The mom who lived right across the street from us in Milwaukee, Harry’s friend Erica’s mother, asked me one afternoon if I saved all of Harry’s artwork. My seven-year-old son looked up to hear my answer. “Yes,” I lied, hating myself for being dishonest. I saw Harry nod and turn back to Erica and the Polly Pockets.
After finding massive amounts of Harry’s artwork in my hometown storage site last month, it was hard to believe I’d ever thrown anything away! There were three bathtub-sized bins of art he’d made at home, at school or in the afterschool program. And that wasn’t counting the portfolio of his AP high school art or the huge retrospective of work his dad took when I packed up the house five years ago before my move to New York.
One of the early pieces I came across, influenced by a TV special at age 4, is his portrait of Charlie Brown. Harry always remembered what people were wearing. (He still does.) I smiled when I saw that drawing. It reminded me of a 1996 entry in The Harry Chronicles.
It was two years later, when Harry was six, that he told me he and Charlie Brown had something in common. When I wanted to know what, he said, “We both have a fondness for redheads.” Harry was in first grade then and had a “crush” on his red-haired fourth-grade school buddy Lucy.
Harry had so-called crushes on lots of girls growing up. He loved his girlfriends. And they loved him. That’s why I wouldn’t let girl friends sleep over in the early grades, because I didn’t want to set any kind of precedent for later years. I was a bit old-fashioned in the sleepover department. It was on one of those occasions I overheard Erica say, “I don’t see what the big deal is. I mean, we’re going to get married someday anyway.”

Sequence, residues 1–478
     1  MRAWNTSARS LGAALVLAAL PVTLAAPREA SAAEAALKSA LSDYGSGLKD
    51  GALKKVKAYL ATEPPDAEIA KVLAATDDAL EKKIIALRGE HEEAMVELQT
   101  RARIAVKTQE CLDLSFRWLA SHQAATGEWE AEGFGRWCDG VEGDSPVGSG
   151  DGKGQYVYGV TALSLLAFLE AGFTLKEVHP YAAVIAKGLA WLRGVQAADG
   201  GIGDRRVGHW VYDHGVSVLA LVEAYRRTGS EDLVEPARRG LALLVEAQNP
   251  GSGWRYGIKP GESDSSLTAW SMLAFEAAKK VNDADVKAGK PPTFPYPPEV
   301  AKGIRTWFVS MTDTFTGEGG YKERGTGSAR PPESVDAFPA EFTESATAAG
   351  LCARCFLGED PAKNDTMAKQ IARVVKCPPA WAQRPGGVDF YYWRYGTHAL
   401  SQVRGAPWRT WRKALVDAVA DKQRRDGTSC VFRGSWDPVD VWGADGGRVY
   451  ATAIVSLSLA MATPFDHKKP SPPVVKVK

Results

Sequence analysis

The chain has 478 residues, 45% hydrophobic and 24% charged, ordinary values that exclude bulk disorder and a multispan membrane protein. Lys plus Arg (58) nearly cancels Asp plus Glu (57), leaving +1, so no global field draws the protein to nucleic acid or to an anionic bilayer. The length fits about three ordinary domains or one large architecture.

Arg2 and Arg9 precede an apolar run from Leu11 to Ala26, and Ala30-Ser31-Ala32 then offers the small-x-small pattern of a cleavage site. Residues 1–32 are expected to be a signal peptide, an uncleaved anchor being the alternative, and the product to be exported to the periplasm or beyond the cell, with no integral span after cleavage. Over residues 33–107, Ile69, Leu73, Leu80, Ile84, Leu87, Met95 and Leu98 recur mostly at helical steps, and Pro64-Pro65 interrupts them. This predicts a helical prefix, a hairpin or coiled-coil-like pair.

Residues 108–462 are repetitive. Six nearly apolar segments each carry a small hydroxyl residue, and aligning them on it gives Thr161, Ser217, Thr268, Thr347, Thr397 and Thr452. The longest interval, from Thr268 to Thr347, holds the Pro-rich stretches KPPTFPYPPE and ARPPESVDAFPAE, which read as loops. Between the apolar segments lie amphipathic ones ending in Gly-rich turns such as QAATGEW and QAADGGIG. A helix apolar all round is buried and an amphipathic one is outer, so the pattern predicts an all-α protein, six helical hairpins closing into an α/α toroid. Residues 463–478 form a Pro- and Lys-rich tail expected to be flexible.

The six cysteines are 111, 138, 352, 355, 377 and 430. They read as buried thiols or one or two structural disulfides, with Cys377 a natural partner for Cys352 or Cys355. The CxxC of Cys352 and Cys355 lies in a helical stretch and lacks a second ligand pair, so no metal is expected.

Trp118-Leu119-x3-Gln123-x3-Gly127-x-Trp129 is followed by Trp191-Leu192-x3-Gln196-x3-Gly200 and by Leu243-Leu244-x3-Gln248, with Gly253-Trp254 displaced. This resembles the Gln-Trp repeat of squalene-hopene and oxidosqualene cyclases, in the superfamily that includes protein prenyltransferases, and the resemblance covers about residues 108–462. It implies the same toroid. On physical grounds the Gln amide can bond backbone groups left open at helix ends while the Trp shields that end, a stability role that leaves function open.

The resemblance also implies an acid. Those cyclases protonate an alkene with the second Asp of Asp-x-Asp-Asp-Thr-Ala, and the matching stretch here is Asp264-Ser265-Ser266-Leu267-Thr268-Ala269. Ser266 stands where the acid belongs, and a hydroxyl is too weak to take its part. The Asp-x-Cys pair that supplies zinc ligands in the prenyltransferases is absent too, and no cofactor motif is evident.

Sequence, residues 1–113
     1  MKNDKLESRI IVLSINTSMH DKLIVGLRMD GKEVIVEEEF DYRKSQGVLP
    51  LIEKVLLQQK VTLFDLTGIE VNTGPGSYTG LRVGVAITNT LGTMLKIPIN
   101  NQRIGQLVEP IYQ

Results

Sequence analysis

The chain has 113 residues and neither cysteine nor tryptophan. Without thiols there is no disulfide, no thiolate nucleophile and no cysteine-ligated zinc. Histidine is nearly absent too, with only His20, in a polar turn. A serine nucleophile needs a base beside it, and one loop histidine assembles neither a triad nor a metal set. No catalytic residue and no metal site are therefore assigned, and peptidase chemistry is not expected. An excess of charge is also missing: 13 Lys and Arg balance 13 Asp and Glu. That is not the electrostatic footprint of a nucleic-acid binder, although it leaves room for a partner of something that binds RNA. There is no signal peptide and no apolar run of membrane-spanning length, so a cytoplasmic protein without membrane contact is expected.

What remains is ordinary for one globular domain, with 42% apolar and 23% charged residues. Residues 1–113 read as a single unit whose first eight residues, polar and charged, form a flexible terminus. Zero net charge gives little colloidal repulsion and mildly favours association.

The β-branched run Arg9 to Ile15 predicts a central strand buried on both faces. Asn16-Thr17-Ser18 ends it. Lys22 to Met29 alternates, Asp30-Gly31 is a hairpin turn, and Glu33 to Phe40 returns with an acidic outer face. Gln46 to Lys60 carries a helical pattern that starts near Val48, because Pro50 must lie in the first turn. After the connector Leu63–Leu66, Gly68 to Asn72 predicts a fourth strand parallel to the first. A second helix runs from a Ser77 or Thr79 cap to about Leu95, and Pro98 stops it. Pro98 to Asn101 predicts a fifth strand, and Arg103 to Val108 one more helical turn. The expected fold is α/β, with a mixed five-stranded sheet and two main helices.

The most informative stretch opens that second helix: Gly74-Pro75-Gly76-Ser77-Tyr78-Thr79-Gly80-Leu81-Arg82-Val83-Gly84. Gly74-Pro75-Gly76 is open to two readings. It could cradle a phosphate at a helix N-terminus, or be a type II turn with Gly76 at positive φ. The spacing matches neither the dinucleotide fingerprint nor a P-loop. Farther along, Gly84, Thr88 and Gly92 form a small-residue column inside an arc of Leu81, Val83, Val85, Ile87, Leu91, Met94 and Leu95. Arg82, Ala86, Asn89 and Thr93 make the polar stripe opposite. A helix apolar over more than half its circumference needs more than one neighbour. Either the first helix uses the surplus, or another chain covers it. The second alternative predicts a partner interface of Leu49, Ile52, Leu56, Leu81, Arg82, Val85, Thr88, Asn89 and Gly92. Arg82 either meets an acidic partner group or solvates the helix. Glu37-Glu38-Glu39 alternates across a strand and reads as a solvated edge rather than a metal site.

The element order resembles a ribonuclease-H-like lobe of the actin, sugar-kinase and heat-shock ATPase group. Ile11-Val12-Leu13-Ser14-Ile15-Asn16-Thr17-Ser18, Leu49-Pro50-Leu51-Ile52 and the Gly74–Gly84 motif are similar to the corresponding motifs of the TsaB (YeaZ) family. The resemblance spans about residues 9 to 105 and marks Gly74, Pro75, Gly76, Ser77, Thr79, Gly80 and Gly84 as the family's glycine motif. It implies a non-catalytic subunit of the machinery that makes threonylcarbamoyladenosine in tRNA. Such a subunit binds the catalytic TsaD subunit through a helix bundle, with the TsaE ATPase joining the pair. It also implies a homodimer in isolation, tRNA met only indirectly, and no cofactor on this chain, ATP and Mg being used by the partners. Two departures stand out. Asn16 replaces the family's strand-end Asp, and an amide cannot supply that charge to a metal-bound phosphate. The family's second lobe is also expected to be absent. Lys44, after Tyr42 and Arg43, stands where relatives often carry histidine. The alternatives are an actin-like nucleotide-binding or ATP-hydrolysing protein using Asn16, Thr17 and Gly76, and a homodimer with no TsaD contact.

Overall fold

It didn’t matter to her that Harry loved to play dress-up or wanted to wear her clothes when across the street. They loved each other. Girls in middle school and junior high surrounded him often, too. But in high school, when his first serious relationship was with a guy, one of his best girlfriend’s mothers still didn’t want Harry and her daughter sleeping in the same room on an overnight to their family’s summer lake rental. He was too close of a friend. (He still is.)
The more I explore the ideas of gender, identity and the uniqueness of personhood, the more I realize what a remarkable teacher Harry has been on those subjects. And I know he’s taught me a lot about love, too. I’ve learned it takes courage to love someone no matter what anyone else might think or say or do. And contrary to popular belief, I know that love doesn’t have to lead always to a sexual relationship; sex is just one expression of love. And to think otherwise might just limit the depth of human experience.
And so now I wonder, if a woman can have close, loving relationships with female friends, why can’t a man dearly love a male friend? What do you think?
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